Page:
This year my mother wanted to start a new tradition for Nowruz. In the past, my parents generally served store-bought traditional New Year cookies. Inspired by my Canadian side’s Christmas baking tradition, my mother suggested we all contribute one home-baked cookie or treat to be served to visiting Nowruz guests . My mother is going to make traditional Shirni-Kishmishi.  My sister-in-law will be making her delicious chocolate truffles. My five-year old daughter (with my help) will make her favourite soft sugar cookies with red, green and white sprinkles to symbolize the Iranian flag and I will be making these Persian Inspired Pistachio, Rosewater and Cardamom Shortbread Cookies.

These fragrant, buttery yet light shortbread cookies are the perfect accompaniment to a cup of tea. These cookies are very simple to prepare and the best part is that the dough can be made ahead of time and frozen. All you have to do is defrost overnight, slice and bake.  I highly suggest using Iranian pistachios for this recipe. I personally prefer them to their California counterpart and find that they have a very distinctive flavour.

These shortbread cookies are so delicious that I think they might join our Christmas cookie lineup as well!

Pistachio, Rosewater & Cardamom Shortbread Cookies
(approximately 48 cookies)

1 cup butter, softened (2 sticks)
3/4 cup powdered sugar
1 tsp rosewater
1 tsp ground cardamom
2 cups all-purpose flour
1 cup shelled salted pistachios (preferably Iranian), coarsely chopped

Using a stand or electric mixer, beat the butter for about one minute on medium speed.

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Turn the mixer off and add the powdered sugar, rosewater and cardamom. Turn the mixer to low so the sugar doesn’t spray everywhere. When the sugar begins to incorporate, turn the mixer to medium and beat for 3 minutes until the mixture is light and fluffy.

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Turn off the mixer and add the flour. Mix on low-speed until just incorporated. The mixture will be slightly crumbly. Do not overmix or it will result in a tough cookie.

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Add the pistachios and turn the mixer on to low and mix until the pistachios are distributed.  Again, do not overmix.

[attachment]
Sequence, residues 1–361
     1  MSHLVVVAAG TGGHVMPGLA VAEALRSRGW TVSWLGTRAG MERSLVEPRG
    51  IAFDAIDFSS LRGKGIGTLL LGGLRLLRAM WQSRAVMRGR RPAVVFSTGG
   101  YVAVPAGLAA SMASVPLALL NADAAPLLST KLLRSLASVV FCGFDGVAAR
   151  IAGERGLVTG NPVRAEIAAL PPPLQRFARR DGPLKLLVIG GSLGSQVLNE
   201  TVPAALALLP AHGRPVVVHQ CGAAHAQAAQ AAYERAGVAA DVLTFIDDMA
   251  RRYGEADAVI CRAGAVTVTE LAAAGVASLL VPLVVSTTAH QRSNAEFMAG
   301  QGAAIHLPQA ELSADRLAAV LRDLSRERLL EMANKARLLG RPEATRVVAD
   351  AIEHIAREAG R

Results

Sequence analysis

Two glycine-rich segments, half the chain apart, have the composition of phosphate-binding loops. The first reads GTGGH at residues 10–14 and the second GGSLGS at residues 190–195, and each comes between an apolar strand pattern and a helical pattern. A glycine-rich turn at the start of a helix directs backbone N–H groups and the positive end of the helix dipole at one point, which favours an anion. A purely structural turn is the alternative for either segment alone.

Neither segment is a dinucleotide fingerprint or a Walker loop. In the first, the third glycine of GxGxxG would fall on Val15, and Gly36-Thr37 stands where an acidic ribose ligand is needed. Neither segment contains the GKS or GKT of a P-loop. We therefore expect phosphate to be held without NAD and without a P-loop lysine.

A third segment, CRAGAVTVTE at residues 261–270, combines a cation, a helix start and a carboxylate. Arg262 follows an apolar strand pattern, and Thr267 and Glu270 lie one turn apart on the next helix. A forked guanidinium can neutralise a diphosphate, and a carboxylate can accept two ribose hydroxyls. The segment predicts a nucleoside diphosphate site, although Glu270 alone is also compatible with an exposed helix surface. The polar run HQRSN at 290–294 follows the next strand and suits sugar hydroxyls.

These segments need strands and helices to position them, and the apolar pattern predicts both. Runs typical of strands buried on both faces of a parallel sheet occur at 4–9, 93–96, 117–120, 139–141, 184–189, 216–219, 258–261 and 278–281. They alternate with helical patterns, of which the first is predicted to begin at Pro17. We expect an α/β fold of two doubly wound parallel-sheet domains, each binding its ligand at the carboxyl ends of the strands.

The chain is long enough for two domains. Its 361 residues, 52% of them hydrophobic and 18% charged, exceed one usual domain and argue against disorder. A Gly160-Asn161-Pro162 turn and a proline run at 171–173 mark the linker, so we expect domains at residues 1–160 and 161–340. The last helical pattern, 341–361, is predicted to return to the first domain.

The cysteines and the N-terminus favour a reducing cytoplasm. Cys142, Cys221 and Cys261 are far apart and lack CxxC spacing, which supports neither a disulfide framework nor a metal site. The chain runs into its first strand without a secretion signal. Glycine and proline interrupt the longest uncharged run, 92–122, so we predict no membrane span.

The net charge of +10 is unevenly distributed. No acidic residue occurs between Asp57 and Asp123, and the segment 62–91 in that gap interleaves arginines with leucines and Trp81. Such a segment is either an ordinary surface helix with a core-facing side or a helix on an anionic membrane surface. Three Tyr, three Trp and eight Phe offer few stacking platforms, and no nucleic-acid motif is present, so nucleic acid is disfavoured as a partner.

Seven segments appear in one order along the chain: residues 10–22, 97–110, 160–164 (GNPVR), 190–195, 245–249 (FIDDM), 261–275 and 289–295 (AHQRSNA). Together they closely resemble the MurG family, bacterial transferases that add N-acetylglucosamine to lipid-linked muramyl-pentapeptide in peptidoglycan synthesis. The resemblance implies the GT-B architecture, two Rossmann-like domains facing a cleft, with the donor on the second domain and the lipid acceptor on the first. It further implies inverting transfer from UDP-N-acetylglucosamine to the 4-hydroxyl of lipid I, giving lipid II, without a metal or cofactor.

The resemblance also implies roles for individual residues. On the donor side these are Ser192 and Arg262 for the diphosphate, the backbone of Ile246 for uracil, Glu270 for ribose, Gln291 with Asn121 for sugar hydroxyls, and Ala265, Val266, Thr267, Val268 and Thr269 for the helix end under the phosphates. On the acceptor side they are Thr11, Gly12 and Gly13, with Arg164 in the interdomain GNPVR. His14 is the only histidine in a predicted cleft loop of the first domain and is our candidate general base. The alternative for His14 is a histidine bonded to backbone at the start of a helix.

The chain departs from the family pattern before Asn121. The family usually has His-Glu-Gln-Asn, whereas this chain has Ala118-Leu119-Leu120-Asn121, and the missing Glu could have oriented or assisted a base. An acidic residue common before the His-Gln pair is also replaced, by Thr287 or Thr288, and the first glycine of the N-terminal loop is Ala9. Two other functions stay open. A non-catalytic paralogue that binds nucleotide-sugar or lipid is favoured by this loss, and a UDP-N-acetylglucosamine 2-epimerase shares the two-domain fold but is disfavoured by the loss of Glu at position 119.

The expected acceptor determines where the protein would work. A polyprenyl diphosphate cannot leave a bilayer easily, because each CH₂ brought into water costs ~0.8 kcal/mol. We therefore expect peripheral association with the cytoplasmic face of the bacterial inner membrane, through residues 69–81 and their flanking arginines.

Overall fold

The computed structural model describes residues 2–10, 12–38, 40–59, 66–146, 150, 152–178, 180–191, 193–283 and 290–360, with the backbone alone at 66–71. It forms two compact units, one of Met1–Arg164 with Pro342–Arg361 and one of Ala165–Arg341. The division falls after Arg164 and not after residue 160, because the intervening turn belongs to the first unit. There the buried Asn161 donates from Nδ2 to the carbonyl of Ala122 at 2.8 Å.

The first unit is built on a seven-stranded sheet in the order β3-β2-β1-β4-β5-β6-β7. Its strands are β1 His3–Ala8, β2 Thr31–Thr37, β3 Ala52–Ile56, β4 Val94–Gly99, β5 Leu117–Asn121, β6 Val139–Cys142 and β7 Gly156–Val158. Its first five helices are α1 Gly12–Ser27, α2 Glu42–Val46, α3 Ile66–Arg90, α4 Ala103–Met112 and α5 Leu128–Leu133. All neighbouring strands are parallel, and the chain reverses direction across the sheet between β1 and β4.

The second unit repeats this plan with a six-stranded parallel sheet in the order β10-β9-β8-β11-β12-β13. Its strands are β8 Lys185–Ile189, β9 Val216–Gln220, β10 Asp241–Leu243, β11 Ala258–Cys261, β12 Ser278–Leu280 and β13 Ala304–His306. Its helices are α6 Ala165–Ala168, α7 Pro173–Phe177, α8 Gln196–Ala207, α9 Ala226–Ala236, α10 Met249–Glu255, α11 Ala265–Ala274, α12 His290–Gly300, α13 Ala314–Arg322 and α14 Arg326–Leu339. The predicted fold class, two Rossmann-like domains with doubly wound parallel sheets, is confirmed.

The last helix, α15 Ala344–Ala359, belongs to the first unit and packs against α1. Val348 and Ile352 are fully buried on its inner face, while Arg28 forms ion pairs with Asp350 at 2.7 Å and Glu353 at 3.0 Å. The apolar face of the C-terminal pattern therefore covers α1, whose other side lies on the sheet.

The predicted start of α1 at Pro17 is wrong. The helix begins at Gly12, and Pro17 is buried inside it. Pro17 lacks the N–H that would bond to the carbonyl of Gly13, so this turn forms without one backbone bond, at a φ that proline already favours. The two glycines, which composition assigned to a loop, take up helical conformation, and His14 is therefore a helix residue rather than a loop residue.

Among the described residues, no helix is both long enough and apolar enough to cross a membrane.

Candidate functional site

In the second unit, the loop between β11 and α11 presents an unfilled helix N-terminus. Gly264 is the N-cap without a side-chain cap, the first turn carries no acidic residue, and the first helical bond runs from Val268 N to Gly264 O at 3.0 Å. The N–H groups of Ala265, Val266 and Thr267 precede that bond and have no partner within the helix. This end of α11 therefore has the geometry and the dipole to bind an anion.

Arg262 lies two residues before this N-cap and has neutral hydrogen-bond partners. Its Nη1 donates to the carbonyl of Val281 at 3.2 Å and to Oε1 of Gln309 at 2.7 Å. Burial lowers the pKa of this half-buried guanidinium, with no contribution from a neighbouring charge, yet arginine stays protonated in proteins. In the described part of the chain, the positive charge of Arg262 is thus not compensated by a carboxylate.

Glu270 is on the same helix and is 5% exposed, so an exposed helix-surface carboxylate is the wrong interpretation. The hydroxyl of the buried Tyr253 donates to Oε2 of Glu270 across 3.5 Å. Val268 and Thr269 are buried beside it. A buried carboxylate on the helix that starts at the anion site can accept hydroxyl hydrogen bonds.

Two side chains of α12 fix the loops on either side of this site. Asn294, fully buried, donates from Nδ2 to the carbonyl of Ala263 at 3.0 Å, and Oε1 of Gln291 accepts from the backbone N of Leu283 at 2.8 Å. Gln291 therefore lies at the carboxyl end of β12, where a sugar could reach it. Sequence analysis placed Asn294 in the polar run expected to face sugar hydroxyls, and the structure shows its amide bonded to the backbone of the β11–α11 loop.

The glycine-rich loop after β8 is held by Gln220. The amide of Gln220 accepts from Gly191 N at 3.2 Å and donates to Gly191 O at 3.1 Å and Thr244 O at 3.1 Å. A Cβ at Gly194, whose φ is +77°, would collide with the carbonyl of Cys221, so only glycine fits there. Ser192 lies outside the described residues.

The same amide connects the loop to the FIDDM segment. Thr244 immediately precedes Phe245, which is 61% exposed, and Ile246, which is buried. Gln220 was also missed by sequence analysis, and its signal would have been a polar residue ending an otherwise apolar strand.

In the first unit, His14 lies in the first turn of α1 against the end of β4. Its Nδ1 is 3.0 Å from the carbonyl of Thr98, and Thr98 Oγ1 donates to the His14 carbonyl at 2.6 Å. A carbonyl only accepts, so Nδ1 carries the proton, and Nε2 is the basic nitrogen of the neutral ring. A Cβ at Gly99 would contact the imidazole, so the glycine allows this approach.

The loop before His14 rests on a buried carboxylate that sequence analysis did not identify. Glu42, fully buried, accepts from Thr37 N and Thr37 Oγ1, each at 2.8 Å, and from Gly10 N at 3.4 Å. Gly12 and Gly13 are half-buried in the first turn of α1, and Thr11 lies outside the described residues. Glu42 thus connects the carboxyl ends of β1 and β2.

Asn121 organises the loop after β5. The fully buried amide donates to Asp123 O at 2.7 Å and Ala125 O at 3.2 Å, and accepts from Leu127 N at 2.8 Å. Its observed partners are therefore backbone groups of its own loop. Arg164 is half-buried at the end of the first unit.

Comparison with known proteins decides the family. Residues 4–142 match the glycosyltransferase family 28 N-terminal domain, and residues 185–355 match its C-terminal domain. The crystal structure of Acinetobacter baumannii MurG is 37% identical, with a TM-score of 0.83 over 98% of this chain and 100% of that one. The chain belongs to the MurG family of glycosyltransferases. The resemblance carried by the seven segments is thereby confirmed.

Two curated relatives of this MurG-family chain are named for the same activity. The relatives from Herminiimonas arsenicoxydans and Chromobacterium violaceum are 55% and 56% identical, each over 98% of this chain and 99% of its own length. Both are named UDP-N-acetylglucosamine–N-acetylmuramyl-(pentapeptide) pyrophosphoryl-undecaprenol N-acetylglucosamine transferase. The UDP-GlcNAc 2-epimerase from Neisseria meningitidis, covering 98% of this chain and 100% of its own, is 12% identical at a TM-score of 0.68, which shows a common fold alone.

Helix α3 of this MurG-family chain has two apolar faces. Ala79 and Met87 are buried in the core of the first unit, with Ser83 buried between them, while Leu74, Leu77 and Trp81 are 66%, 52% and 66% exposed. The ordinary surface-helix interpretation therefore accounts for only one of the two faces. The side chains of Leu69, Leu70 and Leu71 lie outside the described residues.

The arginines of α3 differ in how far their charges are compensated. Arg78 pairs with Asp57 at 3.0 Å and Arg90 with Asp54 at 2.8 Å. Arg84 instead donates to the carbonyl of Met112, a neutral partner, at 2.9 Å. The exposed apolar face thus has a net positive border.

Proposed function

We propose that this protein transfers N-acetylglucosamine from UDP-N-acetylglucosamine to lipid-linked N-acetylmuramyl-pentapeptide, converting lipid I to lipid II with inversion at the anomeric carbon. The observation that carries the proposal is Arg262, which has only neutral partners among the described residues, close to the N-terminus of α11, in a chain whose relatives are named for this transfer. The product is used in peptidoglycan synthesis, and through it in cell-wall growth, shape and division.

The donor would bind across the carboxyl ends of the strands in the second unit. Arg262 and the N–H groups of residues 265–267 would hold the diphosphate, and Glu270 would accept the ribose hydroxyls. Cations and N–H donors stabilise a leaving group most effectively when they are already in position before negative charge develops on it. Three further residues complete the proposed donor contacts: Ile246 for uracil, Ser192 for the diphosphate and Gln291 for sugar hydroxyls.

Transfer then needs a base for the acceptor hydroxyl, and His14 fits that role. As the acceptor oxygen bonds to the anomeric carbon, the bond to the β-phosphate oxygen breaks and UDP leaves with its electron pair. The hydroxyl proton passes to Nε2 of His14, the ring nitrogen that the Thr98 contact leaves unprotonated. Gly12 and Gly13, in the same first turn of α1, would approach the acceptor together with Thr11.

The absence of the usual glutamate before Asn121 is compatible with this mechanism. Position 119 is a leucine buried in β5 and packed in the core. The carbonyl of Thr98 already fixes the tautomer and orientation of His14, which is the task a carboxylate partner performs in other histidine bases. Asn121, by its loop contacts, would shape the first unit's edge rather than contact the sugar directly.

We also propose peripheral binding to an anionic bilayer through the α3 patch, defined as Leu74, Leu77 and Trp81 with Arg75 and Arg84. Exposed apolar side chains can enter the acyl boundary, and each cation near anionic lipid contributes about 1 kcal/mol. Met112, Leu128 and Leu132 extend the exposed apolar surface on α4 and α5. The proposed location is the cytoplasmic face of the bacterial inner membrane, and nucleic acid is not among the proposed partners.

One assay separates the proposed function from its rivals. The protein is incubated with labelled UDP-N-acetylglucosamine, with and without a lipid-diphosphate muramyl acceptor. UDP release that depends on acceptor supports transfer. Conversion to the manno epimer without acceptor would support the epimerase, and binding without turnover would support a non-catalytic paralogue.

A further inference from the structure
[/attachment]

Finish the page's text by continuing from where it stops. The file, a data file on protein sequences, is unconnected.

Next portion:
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Divide the dough in half and roll into a log approximately 12 inches long on top of a large rectangular piece of wax paper. Roll the cookie dough log in the wax paper and twist the ends.

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Refrigerate for 1-2 hours until completely firm. You may also freeze the dough by putting the log into an airtight container or ziplock bag for up to 3 weeks. Defrost overnight in the fridge before using.

Preheat oven to 325 degrees. Using a sharp knife, slice the log into 1/4 inch pieces.

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Line cookie sheets with parchment paper or a silpat and arrange cookies spaced out one inch apart. Bake for 18-20 minutes or until the edges are starting to very slightly brown. Transfer to a wire rack to cool.

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Enjoy with a nice cup of tea!

Nowruz Recipe Roundup

 

Havij Polo bah Morgh-e Ab Paz (Persian Carrot Rice and Braised Chicken)

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I have one culinary regret I have in my life…..I wish I had introduced Persian food to my daughter at an earlier age. I was a first time parent and so worried about strong flavours and exotic ingredients, that I don’t think I gave my little girl Persian food until after her second birthday. My poor daughter had a very bland (but healthy) diet up to that point….as a result, at five years old she still tends to prefer bland foods. Although she eats Persian food, she still sometimes asks if she can have her plain rice without “Farsi sauce”.

I vowed not to make the same mistake with my son and I’m proud to say that at 14 months he is a Persian food lover! I may go so far as to say that I think it’s his favourite cuisine. Havij Polo and Morgh-e Ab Pas was my son’s first taste of Persian food. Simple, delicious, aromatic and slightly sweet, I thought this dish was the perfect introduction to the spices that are common to Persian food. Since then, he has tried numerous Persian stew and rice dishes which he has happily gobbled up.